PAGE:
“My fellow citizens, we are embroiled in the greatest financial crisis our nation has ever faced and we will have to take emergency action to keep the entire system from melting down.”
How hard is that? But it won’t happen, because everyone in the administration has an aversion to telling the truth; it’s like the Devil and Holy Water. Besides, it’s easier to blame the bloggers, that harmless subspecies that spend long hours pecking away at their keyboards in their windowless 5′ x 7′ hovels.
Bloggers aren’t the problem; the problem is a system that’s collapsing from decades of abusive credit expansion creation and insufficient capital. Now everyone is going to pay for the excesses of the few.
As the bank-runs increase, the FDIC will be forced to admit the truth that they don’t have the resources to deal with a problem this big. Currently, the FDIC has only $53 billion in reserves to guarantee $4 trillion in total bank deposits. The entire system has a mere $267 billion cash in the vaults. What a shabby way to run a banking system. Where’s the money going to come from when depositors start withdrawing their savings? How will the FDIC deal with the ongoing de-leveraging in the market which is forcing more and more investors move into cash?
No one knows. All we get is more prevaricating; more smoke and mirrors, Bush assures us that “Our capital markets are functioning efficiently and effectively.” Nonsense. The markets are cratering and the banks are toast. A blind man can see it. The FDIC is listing and Blair knows it. Bush needs to cut the gibberish and tell the American people the truth so they can prepare for the hard times ahead.
P.T. PAULSON: “The banking system is sound . . . This is a very manageable situation.”
Last Sunday, Treasury Secretary Henry Paulson tried to reassure the public that the banking system is sound, while bracing people for more trouble ahead:
“I think it’s going to be months that we’re working our way through this period — clearly months. But again, it’s a safe banking system, a sound banking system. Our regulators are on top of it. This is a very manageable situation.”
Paulson is like a broken record. Everything is always hunky-dory. He is the consummate Wall Street investment sharpie, a bright guy who could charm a hungry dog off a meat wagon. But when it comes to telling the truth, forget about it. You’d be better off listening to Bush, which isn’t saying much. The banking system is not sound nor is it well capitalized. It is a corpse that’s been propped up in the office hallway next to the water cooler so that everyone who passes bye gets a stifling whiff of the decaying flesh. Still, the charade goes on. Still the lies persist.
If the rate of bank closures continues at the present pace, by the middle of 2009 their will be restrictions on withdrawals. Even now, if you go to your bank and try to withdraw $9,000 or $10,000, it sends waves of panic through the entire building like a five-alarm fire that quickly engulfs the main exits. It’s crazy. Tellers go scampering around helter-skelter, and bank managers suddenly appear at the window grimacing in pain and wringing the sweat from their brows.
“Did you say $10,000, sir?” which is usually followed by low moaning sounds and heavy wheezing.
Journalist Bill Sardi summed it up nicely in an article last week on LewRockwell.com titled “Could Your Bail Fail?”:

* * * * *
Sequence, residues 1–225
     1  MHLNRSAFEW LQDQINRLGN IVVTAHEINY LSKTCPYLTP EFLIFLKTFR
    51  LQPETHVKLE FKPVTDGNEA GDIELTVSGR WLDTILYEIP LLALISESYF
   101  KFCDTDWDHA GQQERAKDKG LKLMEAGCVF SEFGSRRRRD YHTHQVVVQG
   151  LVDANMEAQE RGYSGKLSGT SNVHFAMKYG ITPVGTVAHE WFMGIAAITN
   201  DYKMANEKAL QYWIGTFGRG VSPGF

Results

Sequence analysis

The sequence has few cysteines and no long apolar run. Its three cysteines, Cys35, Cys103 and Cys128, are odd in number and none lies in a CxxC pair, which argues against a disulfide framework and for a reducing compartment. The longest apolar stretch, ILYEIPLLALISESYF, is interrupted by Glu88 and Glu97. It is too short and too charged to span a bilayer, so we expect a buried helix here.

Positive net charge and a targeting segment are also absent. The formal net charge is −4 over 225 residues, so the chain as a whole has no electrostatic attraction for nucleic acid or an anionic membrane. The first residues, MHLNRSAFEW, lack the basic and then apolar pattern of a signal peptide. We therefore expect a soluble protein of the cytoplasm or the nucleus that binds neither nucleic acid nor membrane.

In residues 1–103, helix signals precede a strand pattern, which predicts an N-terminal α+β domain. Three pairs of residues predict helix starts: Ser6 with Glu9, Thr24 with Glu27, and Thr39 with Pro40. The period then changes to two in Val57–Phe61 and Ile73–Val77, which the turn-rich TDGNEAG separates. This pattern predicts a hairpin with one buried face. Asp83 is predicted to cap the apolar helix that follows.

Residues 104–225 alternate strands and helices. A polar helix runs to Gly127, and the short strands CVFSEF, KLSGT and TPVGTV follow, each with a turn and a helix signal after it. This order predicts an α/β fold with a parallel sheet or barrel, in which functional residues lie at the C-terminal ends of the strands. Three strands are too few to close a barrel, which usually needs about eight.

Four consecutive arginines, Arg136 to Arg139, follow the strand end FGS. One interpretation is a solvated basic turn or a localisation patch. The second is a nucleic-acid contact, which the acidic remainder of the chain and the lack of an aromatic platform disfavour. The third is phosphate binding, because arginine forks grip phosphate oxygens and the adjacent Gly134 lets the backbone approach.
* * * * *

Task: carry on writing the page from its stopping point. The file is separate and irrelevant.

The banking industry is walking on pins and needles, hoping the bad news doesn’t become a self-fulfilling prophecy that drives bank depositors to demand withdrawal of funds en masse . . . . There is a high likelihood the American banking system will fail, and you will likely be the last to know. The more panicked you get, and withdraw funds, the worse the implosion. In an effort to avert runs on the banks, will the news media delay informing the public of the current dire situation, which appears to be an inevitable system-wide banking collapse?
What to do?
So, while your bank still has money and can process your checks, it may be time to pay down debts, pay quarterly taxes and mortgage payments in advance, and think of having money outside of banks (gold, foreign currencies), etc., before your money is inaccessible or even evaporates! Don’t think all your investments outside of banks are immune from all this turmoil. For example, money market mutual funds, where Americans have invested $3 trillion, are not covered by FDIC insurance (however, money market accounts offered by banks are covered). Recent losses in some of these money market mutual funds have caused some companies to rush to plug the losses. For example, Legg Mason Inc. and SunTrust Banks Inc., recently pumped $1.4 billion each into its money market funds. Bank of America Corp. has injected $600 million.
As for your checking and savings accounts, recognize you may have five different accounts in the same bank, but the FDIC only insures individuals, not each account, up to $100,000. Putting your money in different accounts in the same bank does not necessarily provide better insurance for your deposits.
Good advice, but if the whole system blows, we’re all in trouble. It’s probably wise to have a back-up plan; like plenty of ammo and a couple hundred pounds of seed potatoes. It could get hairy.
FANNIE BAILOUT: “If they dumped these securities on the market today, their value would go straight to 0.”
Most people are unaware of the fact that the new Fannie Mae and Freddie Mac bailout package that was passed into law on Saturday provides Paulson with $300 billion of taxpayer dollars to shore up the faltering mortgage behemoths. In order to accomplish this, the congress increased the national debt by a whopping $800 billion sending it over the $10 trillion mark for the first time in history. Naturally the congress buried this little tidbit of information deep in the 600 pages of legislation. It’s clear that the administration is lying about Fannie and Freddie. They’ll need much more than the $25 billion infusion that Paulson is predicting. That’s why the national debt is ballooning. This is the biggest boondoggle of all time and it’s spearheaded by the “dueling windbags”, Chris Dodd and Barney Frank; both Democrats. Dodd’s lengthy oratory on the floor of the House on Friday nearly earned him a citation from the EPA for releasing massive levels of toxic gas into the jet stream and accelerating the rate of global warming.